Exhibition Catalogue Essay
Gallery 44 Centre for Contemporary Photography, January 2011
Reena Katz's proto-cinematic installation, "Cumulative Debris Index", presents us with histories that we ought not forget. On-screen media have become the prevalent mode in which culture and knowledge are transmitted and the persistence of vision upon which her phenokistoscopes rely may be a pivotal trope for our difficulties in making peace with history.
The Ashkenazi tradition of paper cutting has roots in 14th century Spain. It spread north and east with the expulsion of the Jews from Spain in 1492. One image that is repeated in that tradition is that of the backward gazing gazelle. Borrowed from the surrounding Eastern European cultures, in the context of a Jewish art, this image echoes the mystical Jewish idea from antiquity of the divine spirit, observing the transgressions of history and longing for repentance. And like the divine spirit, Walter Benjamin's Angel of History -- a muse for Katz in this piece -- is trapped by the tide of "progress", unable to redeem humanity.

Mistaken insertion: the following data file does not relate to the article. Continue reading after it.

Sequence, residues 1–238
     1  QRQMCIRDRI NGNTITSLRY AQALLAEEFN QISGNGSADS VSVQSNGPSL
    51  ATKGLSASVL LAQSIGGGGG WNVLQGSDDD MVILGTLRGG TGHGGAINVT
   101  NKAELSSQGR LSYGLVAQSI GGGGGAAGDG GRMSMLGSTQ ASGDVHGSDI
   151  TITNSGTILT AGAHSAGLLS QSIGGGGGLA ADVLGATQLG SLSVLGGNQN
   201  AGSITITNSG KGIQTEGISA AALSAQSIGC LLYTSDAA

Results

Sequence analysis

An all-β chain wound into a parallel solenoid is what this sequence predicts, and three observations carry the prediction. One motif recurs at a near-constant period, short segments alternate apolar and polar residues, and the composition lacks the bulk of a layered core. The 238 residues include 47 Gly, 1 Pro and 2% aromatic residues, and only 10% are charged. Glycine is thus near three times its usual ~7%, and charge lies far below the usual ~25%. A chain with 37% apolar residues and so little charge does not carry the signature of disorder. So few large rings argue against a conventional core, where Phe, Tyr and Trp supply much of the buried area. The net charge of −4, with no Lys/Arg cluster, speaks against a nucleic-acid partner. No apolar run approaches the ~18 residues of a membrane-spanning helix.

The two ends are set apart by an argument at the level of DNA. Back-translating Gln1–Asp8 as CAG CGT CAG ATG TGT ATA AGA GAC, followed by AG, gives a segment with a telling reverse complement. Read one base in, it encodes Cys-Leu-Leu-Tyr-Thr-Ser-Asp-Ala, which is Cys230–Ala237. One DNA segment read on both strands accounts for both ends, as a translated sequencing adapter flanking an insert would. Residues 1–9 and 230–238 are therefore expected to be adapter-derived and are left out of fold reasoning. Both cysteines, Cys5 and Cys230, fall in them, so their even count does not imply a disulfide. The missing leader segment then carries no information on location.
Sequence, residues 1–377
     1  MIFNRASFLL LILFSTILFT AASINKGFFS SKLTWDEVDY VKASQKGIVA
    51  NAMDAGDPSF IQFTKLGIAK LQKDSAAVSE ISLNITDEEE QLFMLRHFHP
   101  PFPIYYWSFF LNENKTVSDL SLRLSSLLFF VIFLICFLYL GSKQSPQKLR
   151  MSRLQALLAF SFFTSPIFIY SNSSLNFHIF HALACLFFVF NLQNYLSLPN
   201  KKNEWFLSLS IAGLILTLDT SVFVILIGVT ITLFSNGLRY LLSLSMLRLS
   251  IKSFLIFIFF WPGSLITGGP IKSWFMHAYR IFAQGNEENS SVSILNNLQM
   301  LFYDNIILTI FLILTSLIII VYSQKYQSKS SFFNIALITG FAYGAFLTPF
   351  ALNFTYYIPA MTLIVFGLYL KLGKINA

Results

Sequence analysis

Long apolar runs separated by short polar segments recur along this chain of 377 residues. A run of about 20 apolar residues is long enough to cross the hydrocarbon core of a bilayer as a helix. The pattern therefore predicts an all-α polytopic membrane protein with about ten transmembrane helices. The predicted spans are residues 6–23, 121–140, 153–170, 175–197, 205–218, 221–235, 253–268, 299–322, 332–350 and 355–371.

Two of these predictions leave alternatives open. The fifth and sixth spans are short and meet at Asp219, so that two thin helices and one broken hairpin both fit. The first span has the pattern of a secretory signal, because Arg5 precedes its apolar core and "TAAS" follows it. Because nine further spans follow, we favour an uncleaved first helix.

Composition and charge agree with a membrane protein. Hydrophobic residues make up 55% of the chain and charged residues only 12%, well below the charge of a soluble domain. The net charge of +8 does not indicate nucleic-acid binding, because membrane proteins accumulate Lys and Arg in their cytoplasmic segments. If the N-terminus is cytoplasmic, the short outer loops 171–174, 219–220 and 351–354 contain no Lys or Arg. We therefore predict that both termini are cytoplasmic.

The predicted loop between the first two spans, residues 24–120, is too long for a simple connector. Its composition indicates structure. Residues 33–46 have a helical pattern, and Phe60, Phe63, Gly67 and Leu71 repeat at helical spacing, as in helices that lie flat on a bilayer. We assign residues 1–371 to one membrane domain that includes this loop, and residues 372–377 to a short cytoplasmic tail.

References to the past notwithstanding, much of Katz's imagery in "Cumulative Debris Index" soundly evokes the present as well. Cells which multiply by dividing in her images of mitosis make organisms such as ourselves possible. And inmates seek out each other's company and each other's touch. Deriving from medieval mysticism, the ten circles of the Kabbalistic Tree of Life represent the Divine Emanations, the unique spheres combining to create an inseparable whole that makes visible the invisible echo of the divine in the profane. In presenting these images moving backwards and forwards through the device of the phenokistoscope, Katz evokes the gap between the experience of the Angel of History, who sees what we call progress as a single catastrophe, and our confounded apprehension of time in which we experience all moments, and especially the present one, in isolation from each other.
Simon Glass, 2010